NE is a very powerful compound. Amongst a myriad of other roles, NE:
- induces peripheral vasoconstriction
- increases blood pressure
- influences metabolic rate
- has an anti-inflammatory effect
Effects on Metabolism
When our bodies are exposed to extreme cold, for the first few times, we shiver. Shivering is a homeostatic mechanism, aimed to maintain core temperatures optimal for the proper functioning of our cells. When we shiver, the mechanistic process creates heat. However, it’s not a thermodynamically efficient process. Upon multiple exposures to cold, our cells adapt and move to more favorable thermogenesis, namely mitochondrial biogenesis [R].
In an attempt to create more energy, and therefore heat, the body, through the hormone NE, upregulates its mitochondria production, most notably in fat tissue. This increase in mitochondria turns white fat tissue (with low mitochondria levels) into brown fat tissue, also called brown adipose tissue (BAT).
BAT is thought to be crucial for the regulation of body weight in healthy men and is positively associated with metabolic rate [R]. Interestingly, BAT declines with age, explaining the age-related weight gain.
While white fat tissue (WAT) stores energy from food, BAT cells burn energy to produce heat.
Does that mean you can freeze yourself to a slimmer you? Yes! A recent study published in 2018 found a significant decrease in waist circumference (3.3%) following 3 sessions of localized cryotherapy [R].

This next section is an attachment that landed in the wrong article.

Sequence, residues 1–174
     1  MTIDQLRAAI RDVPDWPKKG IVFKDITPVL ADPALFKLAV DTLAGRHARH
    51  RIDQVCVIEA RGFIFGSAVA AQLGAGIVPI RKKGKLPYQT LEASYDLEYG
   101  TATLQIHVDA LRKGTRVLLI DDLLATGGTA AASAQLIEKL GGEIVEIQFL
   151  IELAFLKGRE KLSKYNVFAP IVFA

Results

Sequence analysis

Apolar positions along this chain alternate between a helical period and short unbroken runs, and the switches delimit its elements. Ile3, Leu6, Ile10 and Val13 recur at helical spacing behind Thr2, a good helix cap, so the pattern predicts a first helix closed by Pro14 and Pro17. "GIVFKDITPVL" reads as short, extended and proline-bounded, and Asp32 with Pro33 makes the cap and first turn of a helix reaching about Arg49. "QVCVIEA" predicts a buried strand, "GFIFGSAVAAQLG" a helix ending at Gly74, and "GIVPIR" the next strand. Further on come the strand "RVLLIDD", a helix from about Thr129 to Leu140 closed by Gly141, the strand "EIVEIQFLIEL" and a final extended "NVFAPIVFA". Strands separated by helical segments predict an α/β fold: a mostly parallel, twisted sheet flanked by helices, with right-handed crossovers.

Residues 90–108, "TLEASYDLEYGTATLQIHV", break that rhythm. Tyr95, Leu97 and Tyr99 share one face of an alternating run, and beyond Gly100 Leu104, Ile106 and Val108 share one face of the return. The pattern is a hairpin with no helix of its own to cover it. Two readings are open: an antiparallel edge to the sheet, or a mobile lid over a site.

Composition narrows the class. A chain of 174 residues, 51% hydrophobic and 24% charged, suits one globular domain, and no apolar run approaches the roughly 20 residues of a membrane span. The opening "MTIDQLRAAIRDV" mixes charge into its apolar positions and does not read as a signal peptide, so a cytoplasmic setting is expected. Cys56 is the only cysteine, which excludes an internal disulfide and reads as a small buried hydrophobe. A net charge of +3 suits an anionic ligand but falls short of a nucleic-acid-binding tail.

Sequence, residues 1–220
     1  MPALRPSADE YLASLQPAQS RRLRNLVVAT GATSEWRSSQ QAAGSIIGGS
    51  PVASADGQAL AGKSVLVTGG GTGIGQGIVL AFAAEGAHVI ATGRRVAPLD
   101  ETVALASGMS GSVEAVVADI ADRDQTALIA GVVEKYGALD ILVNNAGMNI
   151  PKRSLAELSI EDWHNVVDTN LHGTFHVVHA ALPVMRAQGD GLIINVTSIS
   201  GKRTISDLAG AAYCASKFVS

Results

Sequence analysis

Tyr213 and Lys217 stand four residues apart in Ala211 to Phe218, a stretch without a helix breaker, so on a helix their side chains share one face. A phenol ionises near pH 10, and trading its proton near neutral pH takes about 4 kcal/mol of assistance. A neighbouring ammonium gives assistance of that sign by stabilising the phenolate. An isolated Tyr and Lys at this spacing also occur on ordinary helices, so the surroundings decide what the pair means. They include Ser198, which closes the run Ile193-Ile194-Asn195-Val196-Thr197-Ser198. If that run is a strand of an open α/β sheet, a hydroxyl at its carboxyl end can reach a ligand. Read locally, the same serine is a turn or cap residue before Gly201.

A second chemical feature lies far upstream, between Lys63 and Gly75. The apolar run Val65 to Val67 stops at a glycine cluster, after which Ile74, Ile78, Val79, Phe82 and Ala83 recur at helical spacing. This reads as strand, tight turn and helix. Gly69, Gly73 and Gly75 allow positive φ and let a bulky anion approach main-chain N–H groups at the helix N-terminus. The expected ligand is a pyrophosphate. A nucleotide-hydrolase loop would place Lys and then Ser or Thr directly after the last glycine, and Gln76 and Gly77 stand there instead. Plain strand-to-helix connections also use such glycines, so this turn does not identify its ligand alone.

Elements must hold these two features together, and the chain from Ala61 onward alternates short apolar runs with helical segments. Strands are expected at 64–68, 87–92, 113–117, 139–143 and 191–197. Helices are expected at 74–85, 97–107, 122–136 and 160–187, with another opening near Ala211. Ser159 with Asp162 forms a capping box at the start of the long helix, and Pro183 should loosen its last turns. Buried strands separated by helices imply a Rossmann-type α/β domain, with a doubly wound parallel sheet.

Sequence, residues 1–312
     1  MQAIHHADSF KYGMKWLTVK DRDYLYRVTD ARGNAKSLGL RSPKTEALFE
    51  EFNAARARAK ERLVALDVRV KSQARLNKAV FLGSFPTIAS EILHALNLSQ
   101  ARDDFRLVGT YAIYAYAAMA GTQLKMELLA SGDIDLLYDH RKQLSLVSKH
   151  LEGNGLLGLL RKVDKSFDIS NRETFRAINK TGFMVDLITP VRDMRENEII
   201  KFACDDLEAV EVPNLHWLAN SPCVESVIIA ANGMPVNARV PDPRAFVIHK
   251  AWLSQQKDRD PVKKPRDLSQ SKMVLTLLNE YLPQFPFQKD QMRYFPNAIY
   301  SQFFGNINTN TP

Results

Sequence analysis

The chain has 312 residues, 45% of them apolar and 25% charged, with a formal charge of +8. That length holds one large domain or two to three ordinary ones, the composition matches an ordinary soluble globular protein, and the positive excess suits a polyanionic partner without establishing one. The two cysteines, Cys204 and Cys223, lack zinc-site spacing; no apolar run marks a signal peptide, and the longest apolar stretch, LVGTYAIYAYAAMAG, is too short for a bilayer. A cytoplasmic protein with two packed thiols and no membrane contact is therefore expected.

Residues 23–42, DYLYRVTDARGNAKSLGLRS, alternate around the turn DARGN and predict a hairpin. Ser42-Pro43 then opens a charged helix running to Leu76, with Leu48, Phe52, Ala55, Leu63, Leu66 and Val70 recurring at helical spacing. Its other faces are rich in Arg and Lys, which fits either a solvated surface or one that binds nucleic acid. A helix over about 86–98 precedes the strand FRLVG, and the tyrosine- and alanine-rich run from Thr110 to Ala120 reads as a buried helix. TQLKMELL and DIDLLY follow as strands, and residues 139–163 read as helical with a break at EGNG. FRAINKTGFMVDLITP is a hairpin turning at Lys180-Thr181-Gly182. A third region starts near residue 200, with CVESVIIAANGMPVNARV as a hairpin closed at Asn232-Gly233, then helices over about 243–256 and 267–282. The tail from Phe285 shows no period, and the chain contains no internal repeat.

Effects on Inflammation
The pain-reducing and anti-inflammatory effects of cryotherapy are probably the most desired results by athletes and patients alike. Inflammation is thought to be the key process involved in delayed-onset muscle soreness (DOMS), joint pain, diabetes, rheumatism, injury pain, cancer, and other aging-related diseases. A reduction of inflammation is thus associated with longevity and well-being.
Inflammation is a protective response to injury or infection leading to a localized gathering of cells and chemicals that prompt swelling, heat, redness, and pain in an attempt to either regenerate the injured tissue or eliminate the foreign pathogen.
In excess, inflammation can quickly cause disease and premature aging of cells.